Today on “As Silicon Valley Turns,” we learn the true reason for Square chief operating officer Keith Rabois’ departure: He’s being accused of sexually harassing a Square employee.
In a very personal blog post this afternoon, Rabois detailed the story of meeting and befriending a man who would eventually go on to work at Square. Seemingly out of the blue, a New York attorney representing the employee threatened Rabois and Square with a lawsuit last week, accusing him of a nonconsensual relationship and “some pretty horrible things.” The lawyer claimed the accusation would be dropped if Rabois paid millions of dollars.
“I realize that continuing any physical relationship after he began working at Square was poor judgment on my part,” Rabois wrote. “But let me be unequivocal with the facts: (1) The relationship was welcome. (2) Square did not know of the relationship before a lawsuit was threatened; it came as a complete surprise to the company. (3) He never received nor was denied any reward or benefits based on our relationship. And (4), I did not do the horrendous things I am told I may be accused of. While I have certainly made mistakes, this threat feels like a shakedown, and I will defend myself to the full extent of the law.”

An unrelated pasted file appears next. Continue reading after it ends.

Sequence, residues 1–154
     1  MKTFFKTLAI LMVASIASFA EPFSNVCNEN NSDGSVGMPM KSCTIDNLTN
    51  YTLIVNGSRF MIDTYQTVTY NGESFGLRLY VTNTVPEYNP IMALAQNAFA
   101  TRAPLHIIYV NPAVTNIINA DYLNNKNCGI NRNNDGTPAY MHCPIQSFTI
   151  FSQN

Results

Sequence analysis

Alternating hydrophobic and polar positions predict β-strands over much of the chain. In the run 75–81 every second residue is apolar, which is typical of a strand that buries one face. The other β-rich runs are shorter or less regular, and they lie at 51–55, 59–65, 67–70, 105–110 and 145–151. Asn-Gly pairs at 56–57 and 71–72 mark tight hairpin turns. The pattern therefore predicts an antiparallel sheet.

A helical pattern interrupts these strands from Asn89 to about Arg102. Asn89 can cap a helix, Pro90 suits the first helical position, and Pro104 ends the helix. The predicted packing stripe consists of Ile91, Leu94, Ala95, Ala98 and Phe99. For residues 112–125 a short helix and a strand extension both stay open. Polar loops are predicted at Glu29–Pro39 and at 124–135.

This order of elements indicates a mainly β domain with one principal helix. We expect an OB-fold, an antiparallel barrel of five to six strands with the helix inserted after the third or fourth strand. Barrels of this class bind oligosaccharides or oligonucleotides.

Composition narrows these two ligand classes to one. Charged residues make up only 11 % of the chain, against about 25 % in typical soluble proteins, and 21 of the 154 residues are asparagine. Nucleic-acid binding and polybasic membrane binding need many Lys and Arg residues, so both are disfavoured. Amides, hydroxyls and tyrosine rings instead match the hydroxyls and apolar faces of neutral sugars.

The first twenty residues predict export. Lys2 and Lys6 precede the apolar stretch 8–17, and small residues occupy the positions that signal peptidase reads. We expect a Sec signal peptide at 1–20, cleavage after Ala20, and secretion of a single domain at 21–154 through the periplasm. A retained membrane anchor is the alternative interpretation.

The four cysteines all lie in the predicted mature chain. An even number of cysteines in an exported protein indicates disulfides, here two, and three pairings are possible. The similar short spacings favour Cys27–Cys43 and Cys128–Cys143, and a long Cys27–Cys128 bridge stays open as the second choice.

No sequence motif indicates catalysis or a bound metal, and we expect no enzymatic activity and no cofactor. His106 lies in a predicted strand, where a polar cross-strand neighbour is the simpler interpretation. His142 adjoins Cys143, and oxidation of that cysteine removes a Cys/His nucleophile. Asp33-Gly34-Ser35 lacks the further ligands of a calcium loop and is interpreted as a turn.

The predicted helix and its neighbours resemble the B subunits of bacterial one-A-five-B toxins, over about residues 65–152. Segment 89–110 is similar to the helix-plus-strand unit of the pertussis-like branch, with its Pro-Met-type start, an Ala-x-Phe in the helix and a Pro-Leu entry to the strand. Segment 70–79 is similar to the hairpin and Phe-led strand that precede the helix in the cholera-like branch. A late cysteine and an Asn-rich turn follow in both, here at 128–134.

Rather than making the situation worse for Square, Rabois said he decided to leave the company, which is now breaking into the mainstream via Starbucks and sitting on a new $200 million funding round at a $3.25 billion evaluation.
“I deeply regret that I let my personal and professional lives to become intertwined, and I apologize to my colleagues and friends (at Square and elsewhere) who I’ve let down, and who will bear the brunt of some of the unnecessary, negative attention this situation will likely bring,” Rabois wrote.
But he won’t stay quiet for long — Rabois hints that he’s working on a new project to be announced in February.
Square offered the following statement to VentureBeat and other news outlets:
The first we heard of any of these allegations was when we received the threat of a lawsuit two weeks ago. We took these allegations very seriously and we immediately launched a full investigation to ascertain the facts. While we have not found evidence to support any claims, Keith exercised poor judgment that ultimately undermined his ability to remain an effective leader at Square. We accepted his resignation.
Photo: Yaniv Golan/Flickr
VentureBeat and marketing technology analyst David Raab are working on a new Marketing Automation usage and ROI study
. If you currently use a marketing automation system, help us out by answering the survey.
If you do, we'll share the resulting data with you.